Wants to Understand Role the Region’s Tectonics Play in Subsidence
The ground beneath our feet is not as solid as we think. Throughout Houston, the ground is shifting and settling. Evidence of this shifting can be seen across Houston, in everything from the settling of house foundations to the cracking of sidewalks.
Shuhab Khan, professor in the Department of Earth and Atmospheric Sciences in the College of Natural Sciences and Mathematics, studies Houston’s shifting landscape, specifically the sinking of land, a phenomenon known as subsidence. Khan believes that subsidence is contributing to the increased severity of flooding in certain areas.
Khan also argues that we need a more thorough understanding of what may be contributing to subsidence in the Houston area. “We know some of what is causing this subsidence, but we need to know more,” said Khan, who joined the University of Houston faculty in 2003.
Subsidence: The Sinking of Land
Similar to a sponge holding water, groundwater functions as structural support by filling the tiny pores in the clays and sediments that form our ground. When groundwater is removed, the ground starts to shrink and compact, shriveling up like a dried sponge.
In other words: the ground sinks.
Historically, most of our city’s water has been drawn from the aquifers lying deep underneath Houston. That fact, combined with the 1920s-era oil drilling, has led to some areas of Houston losing as much as 10-12 feet of elevation.
To combat subsidence, the Harris-Galveston Subsidence District was created in 1975 by the Texas Legislature. The district’s efforts, which included the shift from using groundwater to surface water, have been largely successful in slowing the rate of subsidence.
Increased Rates of Subsidence in North and Northwest Houston
However, in areas with high rates of development, such as the north and northwest sections of Houston, there is still a high reliance on groundwater, which is cheaper, as a main source of water. These areas are seeing increased rates of subsidence.
Areas with significant losses include:
- Spring Branch lost 4 feet since 1975
- Jersey Village lost 2 feet since 1996
- Greenspoint lost almost 2 feet in the last ten years
These areas also saw historic flooding during the 2015 Memorial Day Flood and the 2016 Tax Day Flood.
“When the ground starts sinking, it forms bowl-like depressions, which increase the amount of time that floodwaters linger in an area,” Khan said.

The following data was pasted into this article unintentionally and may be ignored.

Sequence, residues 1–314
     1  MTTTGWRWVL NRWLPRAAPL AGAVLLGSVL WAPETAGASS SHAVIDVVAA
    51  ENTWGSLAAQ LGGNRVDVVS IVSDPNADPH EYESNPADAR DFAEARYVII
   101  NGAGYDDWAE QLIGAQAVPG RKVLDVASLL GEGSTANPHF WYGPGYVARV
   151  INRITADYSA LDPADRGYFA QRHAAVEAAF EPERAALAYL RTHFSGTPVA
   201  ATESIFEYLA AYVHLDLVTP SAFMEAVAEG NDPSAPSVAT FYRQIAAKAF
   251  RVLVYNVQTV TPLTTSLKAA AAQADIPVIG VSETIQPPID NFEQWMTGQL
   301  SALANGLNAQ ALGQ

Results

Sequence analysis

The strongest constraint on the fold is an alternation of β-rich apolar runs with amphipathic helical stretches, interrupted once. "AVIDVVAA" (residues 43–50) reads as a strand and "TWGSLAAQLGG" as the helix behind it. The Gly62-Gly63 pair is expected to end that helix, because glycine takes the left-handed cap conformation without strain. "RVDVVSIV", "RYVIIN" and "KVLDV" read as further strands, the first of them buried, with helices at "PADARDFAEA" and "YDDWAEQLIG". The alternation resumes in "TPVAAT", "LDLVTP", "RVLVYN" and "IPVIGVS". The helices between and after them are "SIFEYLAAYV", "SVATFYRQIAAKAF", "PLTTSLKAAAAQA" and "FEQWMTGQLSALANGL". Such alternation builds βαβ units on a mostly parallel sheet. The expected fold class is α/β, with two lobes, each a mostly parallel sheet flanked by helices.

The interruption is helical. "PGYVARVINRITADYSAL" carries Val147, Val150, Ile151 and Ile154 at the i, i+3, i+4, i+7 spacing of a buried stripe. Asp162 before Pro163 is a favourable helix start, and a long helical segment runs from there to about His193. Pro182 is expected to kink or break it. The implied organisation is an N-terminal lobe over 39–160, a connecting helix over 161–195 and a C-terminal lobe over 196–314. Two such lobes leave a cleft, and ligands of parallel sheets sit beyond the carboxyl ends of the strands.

Other Factors May Contribute to Subsidence
Khan believes there may be other factors that affect Houston-area subsidence.
“People have made very simplistic explanations for the subsidence in Houston, without taking into consideration the tectonics of this region,” Khan said.
Subsidence is, at its most fundamental, a shifting of the ground. Although the primary cause of subsidence may be due to the removal of water, the manner in which the ground sinks can vary depending on the geology of the subsurface.
One of the factors Khan believes needs further investigation is the possible link between salt movement in the subsurface and subsidence.
Salt Movement in Subsurface May Contribute to Subsidence
Deep underneath Houston, there are extensive salt formations. In some areas, this salt has moved upwards, similar to a bubble rising to the surface, forming salt domes that lie a few hundred meters under the surface. In other areas, this salt forms a layer miles underneath the surface.
“At high pressures, salt behaves almost like a liquid, with the salt in the subsurface slowly moving toward the Gulf of Mexico,” Khan said.
If the removal of water causes the ground to sink, the movement of salt in the subsurface may be altering how the ground sinks.
Movement of salt in the subsurface can leave behind formations known as salt rollers and salt welds.
“Salt rollers are chunks of salt that have been left behind after the salt has moved. Subsurface salt is soft, almost jelly-like in its consistency,” Khan said. “These salt rollers act as lubrication for the ground to slide along on top of it.”
Salt welds are areas where the salt formation has become so thin that the ground above and below fuses together, creating weak spots that can generate new faults.
“The simple explanation is that the removal of groundwater causes subsidence, and if you stop groundwater extraction, then you stop subsidence. But is that the only contributing factor or is subsidence also happening because of natural processes, such as the movement of salt in the subsurface, that are triggered by the removal of water?” Khan said. “We need to take into account all the possible factors.”
- Rachel Fairbank, College of Natural Sciences and Mathematics